Bunk Placement Clearly More Important than School Teacher Assignment

Marlboro, NJ  (June 9, 2015) – Minutes, maybe even seconds after the camp directors hit send on the Bunk Assignment emails, area mothers are sent into a panic-stricken frenzy to figure out exactly who is in their children’s bunk for the upcoming seven week camp season.  Through group texts, emails and phone calls, mothers can almost pinpoint the exact roster of kids who will cohabitate with their offspring for a little more than a month and a half.  Lists are hastily compiled on Post It notes, on the backs of junk mail, and sometimes, using advanced Excel spreadsheets to enhance a parent’s quantitative analysis of the composition of the bunk makeup.

For these mothers there are no two bigger days on the entire calendar than a day in early to mid June when bunk assignments are announced and a day in late August when parents learn who their children’s teachers will be for the upcoming school year.  The school year, a grueling ten-month marathon of homework, carpooling, and procrastination can be navigated in a much calmer and peaceful manner depending on a child’s teacher.  But this means very little to these parents.

“This year Allysyn had a horrible teacher, what’s her name, who assigned a ton of homework for no good reason.  I was asked early in the year if I wanted to switch her into a different class but I was already filling out my bunk request essay that afternoon and totally blanked on calling back,” explained Jenni Goldstock, 43, of Manalapan, NJ.  “My focus on that time was that even though camp didn’t start for nine plus months, I wanted to express to the directors which campers should be in her bunk so she can have the perfect summer.”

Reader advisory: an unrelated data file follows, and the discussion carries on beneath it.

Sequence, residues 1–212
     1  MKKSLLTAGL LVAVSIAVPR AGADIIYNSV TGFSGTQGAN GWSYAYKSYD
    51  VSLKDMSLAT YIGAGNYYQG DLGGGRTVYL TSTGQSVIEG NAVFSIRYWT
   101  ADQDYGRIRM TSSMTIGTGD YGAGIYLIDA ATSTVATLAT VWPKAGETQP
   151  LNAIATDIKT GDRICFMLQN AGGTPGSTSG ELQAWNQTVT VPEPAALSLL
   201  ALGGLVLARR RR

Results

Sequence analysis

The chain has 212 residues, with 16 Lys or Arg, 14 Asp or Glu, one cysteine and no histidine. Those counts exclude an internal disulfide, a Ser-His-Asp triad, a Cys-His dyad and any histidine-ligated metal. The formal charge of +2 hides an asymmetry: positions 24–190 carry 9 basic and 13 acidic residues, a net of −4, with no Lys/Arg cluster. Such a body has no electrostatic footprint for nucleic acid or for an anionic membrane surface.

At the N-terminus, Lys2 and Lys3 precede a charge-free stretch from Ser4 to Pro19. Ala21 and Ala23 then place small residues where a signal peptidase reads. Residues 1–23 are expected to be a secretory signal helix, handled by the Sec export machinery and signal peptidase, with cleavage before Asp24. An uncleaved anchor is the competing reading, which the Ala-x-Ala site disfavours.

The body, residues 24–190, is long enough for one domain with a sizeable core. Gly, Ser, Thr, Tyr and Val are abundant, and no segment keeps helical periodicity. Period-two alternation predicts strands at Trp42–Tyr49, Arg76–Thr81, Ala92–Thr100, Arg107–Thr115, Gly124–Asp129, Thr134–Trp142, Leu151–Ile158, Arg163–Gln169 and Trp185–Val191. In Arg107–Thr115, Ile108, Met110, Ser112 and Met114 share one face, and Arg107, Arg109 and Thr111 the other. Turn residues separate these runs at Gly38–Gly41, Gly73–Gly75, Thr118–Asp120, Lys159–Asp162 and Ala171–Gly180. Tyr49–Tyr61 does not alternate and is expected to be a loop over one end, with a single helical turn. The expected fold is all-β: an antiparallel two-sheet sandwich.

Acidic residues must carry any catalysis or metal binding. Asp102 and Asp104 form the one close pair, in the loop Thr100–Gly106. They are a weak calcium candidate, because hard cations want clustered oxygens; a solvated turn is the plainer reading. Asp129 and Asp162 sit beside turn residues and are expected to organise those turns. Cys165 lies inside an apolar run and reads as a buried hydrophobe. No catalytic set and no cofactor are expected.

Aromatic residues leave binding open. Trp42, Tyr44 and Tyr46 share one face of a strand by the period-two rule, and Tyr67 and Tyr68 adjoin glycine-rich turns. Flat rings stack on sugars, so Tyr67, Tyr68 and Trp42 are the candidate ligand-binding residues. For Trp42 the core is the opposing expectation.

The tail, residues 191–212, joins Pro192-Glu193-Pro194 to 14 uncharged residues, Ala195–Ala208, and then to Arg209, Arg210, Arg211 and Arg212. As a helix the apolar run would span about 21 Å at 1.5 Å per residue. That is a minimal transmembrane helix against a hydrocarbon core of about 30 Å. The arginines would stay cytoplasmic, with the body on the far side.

To those uneducated about the compilation process, the similarities between the bunk and teacher announcements may look obvious but that’s not always the case.  With a plethora of different names based on religion, ethnicity, etc, a school roster may be created with relative ease as each student’s name represents a unique individual.   However, as lists are compiled for a certain boy’s bunk though, there may be six or seven Jakes, Jacks, Jonathans, Joshuas or Davids so it may be tough to discern which one is which since most have names starting with “Gold” and “Rosen” and end with any variation of “owitz”, “berg” or “stein”.  This can prove very confusing in this age of text messaging and spell checking.

“Last summer, based on my spreadsheet algorithm, my Jake was so excited to be in the same bunk with Jake Goldstein from Montville (Jake Goldstein from Syosset was already known to be in a different bunk) who’s a fantastic kid but he ended up with Jack Goldberg who’s not so much,” lamented Shelly Rosenberg of Larchmont, NY who sends her child to Camp Huron Lake.  Rosenberg received Jake’s bunk assignment this morning and was overcome with excitement about his placement in Bunk 29.  Husband Dan was perplexed. “She’s screaming like a lunatic ‘JAKE’S IN BUNK 29!! JAKE’S IN BUNK 29!!’ so I ask her who else is and she says, ‘I have no idea.’”  Shelly then ran straight down to the family computer to print out return address labels denoting Jake’s new bunk.

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